At 26 kmph speed, the ship would take five days and nights to cross the treacherous stretch of pirate prone Arabian sea. To stand guard against an imminent attack over such an extended period is extremely nerve wracking. The surveillance load on the crew is quite high. Do they have a limitless work force onboard? Well, ships of Enrica’s size don’t have more than ten men available for vigil and these are unarmed crew and they must stand 24x7 guard for 120 hours. Pitted against the fear that pirates with rocket launchers and machine guns could attack them anytime, these guys are exhausted beyond their wits. The story of the armed guards is worse because they are a much smaller contingent. Five days of standing guard is bound to make them extremely edgy. It is in charged unrelenting situations like these when mistakes happen. The Enrica Lexie incident is the newest example. Had it been a real threat these guys would have been hailed as heroes.

    TO RESOLVE the Arabian sea piracy issue, governments of the world will need to send out task forces to raid the places where the pirates hold ships after hijacking them. It makes no sense to patrol the 1.5 million square miles of ocean as it is currently done. It is said that satellites can read markings of golf balls. If it is true the world governments must bring their best surveillance gear to track the coastal movements of pirates and small craft. The pirates seem to have found the space to evolve pretty solid organisations. The pirates are after all making contact with ship owners and collecting ransoms. While the pirates may soon start accepting credit card payments, the world governments have moved very slowly to try and address the problem.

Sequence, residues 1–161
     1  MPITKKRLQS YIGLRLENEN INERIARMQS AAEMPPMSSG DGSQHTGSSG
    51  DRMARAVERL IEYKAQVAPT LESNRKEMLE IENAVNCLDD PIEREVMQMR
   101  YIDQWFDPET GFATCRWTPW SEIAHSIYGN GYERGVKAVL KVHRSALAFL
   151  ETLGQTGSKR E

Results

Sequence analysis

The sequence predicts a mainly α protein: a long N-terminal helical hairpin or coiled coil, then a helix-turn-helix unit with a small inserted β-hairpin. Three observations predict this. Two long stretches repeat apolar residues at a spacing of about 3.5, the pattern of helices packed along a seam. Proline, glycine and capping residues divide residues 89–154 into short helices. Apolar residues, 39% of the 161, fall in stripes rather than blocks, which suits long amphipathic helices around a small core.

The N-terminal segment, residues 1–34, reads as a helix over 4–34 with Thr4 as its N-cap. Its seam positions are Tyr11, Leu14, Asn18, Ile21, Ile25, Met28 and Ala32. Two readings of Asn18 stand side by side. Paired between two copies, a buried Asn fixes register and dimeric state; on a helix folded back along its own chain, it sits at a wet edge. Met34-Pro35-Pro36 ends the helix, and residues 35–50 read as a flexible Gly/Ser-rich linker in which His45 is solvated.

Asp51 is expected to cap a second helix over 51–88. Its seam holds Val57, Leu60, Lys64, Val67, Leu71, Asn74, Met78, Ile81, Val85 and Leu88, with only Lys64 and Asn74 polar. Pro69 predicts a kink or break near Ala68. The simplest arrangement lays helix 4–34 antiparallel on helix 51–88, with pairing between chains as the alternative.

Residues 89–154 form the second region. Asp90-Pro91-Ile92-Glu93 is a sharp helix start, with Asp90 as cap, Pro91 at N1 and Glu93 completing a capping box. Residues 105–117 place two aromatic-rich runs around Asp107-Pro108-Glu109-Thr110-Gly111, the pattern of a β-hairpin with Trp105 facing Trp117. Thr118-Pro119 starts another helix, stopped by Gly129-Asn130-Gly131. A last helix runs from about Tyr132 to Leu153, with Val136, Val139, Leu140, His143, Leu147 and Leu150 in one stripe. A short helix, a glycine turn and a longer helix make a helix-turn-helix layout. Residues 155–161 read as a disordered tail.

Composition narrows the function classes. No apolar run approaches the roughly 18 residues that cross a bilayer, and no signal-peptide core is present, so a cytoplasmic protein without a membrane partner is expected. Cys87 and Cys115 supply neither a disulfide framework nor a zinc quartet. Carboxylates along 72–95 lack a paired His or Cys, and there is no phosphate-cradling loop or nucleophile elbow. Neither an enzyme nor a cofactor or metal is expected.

The stake for the world is tremendous. At least 20,000 ships every year need to traverse the Arabian Sea to connect Europe and Asia. Ships are the work horses of the global economy and to leave them vulnerable to piracy is deplorable. It is akin to the governments not responding to famines and catastrophes. The threat of piracy to shipping is has yet not been recognised as a big enough global issue. This attitude is wrong. The preservation of world maritime fleets is crucial. It is not just a third of the world gdp that ships carry every year. It is the global maritime supply chain that keeps half the world dying from hunger and another half dying from cold. Maritime trade is crucial to the world. The United Nations has enough diplomats and power to prevent piracy in the water.

    What happened on the Enrica Lexie was an accident? The lives of the fishermen must be compensated graciously without turning the incidence into a political show. The threat from maritime piracy must be dealt with at the earliest. As a nation, we must lead the world to address it.

    Sushil Bhan, a strategy and technical operations veteran of 25 years, is an FW Oped columnist.
    captbhan@yahoo.com


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    Posted on 21 February 2012